In a recent case involving the recalculation of child support payments and the custody arrangement between two parents, a Texas Court of Appeals partially reversed the trial court decision, holding that the mother was entitled to be awarded a larger sum of monthly child support from the father, and reversing and remanding the issue of conservatorship and custody back to the trial court. An agreed order regarding the two minor children was entered into by the mother and father on June 22, 2017. In the agreed order, the and the father were named joint managing conservators, and the father was ordered to pay $620 per month in child support.
In January 2020, the father filed a petition to modify the parent-child relationship, contending that circumstances had materially and substantially changed. The mother filed a counter-petition, requesting that the father’s monthly child support payments be recalculated and that the agreement be modified to appoint the mother the sole managing conservator of the children.
Facts of the Case
According to the opinion, the father failed to appear in court for a hearing in April 2021. At the conclusion of the hearing, the court announced that it was denying both the mother’s and the father’s requested modifications to conservatorship. Additionally, the trial court ruled that the monthly child support payments would increase from $620 per month to $1,700 per month by the father. The trial court listed the following findings and conclusions regarding the case.
(1) There was a martial and substantial change in circumstances of the parties; (2) the mother presented permissible uncontroverted testimony regarding the father’s income; (3) 25% of the father’s net monthly resources amounted to $2,300; (4) child support calculated using the Texas Family Code’s guidelines is presumed to be in the best interest of the children; (5) the trial court may deviate from the guidelines only if evidence rebuts the presumption that using the guidelines is in the best interest of the children; (6) no evidence was presented to overcome the presumption; (7) if the amount of child support ordered by the court varies from the amount calculated by the guidelines, the court is required to making findings supporting the variance; (8) no such findings were made by the trial court; (9) after July 16, 2020 the father disappeared from the children’s lives; (10) the father was properly cited to appear at trial but failed to; (11) at the time of trial the father had not seen or spoken to the children in nine months; (12) the father refused to participate in custody evaluations; (13) the father presented no evidence at trial that join conservatorship was in the best interest of the children; (14) the father presented no evidence that standard possession was in the best interest of the children; (15) the father presented no evidence that residency restriction to Dallas was in the best interest of the children.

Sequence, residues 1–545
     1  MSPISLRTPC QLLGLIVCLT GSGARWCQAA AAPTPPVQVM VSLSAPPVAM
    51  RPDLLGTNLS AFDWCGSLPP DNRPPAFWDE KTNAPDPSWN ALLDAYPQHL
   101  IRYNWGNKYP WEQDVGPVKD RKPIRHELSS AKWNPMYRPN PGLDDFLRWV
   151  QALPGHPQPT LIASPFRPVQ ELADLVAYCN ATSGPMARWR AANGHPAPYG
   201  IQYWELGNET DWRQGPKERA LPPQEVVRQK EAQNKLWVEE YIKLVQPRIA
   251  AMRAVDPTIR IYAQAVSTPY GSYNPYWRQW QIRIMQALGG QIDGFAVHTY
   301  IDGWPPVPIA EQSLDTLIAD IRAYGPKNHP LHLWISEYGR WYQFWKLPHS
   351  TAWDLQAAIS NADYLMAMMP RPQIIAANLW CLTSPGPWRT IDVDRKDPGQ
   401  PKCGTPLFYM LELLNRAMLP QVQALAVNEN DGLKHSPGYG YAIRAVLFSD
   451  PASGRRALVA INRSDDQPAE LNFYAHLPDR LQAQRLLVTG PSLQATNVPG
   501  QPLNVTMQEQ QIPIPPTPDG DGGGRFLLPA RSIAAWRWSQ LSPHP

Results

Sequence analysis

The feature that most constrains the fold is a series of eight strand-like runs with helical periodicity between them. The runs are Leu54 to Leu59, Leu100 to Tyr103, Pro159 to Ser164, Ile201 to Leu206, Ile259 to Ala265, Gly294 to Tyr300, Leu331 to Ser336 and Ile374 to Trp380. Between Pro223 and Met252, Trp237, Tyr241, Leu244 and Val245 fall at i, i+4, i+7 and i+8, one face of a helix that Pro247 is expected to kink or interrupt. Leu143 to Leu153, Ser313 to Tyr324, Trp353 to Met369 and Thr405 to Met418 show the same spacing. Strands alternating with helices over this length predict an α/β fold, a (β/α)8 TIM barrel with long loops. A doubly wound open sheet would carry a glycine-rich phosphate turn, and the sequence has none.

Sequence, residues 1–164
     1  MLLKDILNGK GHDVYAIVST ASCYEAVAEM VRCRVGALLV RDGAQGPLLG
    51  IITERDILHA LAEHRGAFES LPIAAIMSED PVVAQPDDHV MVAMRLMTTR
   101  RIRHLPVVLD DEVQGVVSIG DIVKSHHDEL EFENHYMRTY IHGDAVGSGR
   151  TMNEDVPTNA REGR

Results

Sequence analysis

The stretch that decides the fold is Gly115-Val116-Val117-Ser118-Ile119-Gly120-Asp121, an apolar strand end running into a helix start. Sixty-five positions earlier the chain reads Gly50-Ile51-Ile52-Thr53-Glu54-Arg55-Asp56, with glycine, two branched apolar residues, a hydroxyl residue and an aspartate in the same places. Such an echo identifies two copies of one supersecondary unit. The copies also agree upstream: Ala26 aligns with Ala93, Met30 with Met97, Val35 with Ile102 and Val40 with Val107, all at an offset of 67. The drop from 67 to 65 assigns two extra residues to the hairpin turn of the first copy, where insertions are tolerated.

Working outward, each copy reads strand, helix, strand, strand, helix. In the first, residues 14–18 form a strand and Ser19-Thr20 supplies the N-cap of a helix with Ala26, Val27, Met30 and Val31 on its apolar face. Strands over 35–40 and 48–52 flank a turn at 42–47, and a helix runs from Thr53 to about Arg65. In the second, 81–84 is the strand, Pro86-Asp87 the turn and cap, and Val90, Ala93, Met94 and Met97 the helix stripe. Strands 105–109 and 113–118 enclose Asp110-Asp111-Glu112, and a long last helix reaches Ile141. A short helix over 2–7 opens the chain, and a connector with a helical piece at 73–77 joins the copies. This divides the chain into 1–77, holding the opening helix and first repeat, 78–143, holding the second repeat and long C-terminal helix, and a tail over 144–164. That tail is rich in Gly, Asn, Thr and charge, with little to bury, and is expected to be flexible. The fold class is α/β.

On appeal, the wife contended that the trial court award of $1,700 for child support was not supported by the court findings or the evidence presented in court. Additionally, the wife claimed that the trial court abused its discretion by failing to grant her request for a modification to the children’s conservatorship. Regarding the first issue, the appellate court found that the trial court award of $1,700 was not supported as the Texas Family Code’s guidelines establish that in such situations, the proper amount of child support is 25% of the father’s net monthly resources. As a result, the appellate court modified the order, increasing the award to $2,300 per month in child support. On the second issue, the appellate court could not find support for the denial of the mother’s request for modification of the children’s conservatorship. As a result, that portion of the trial court order was reversed and remanded for further proceedings.
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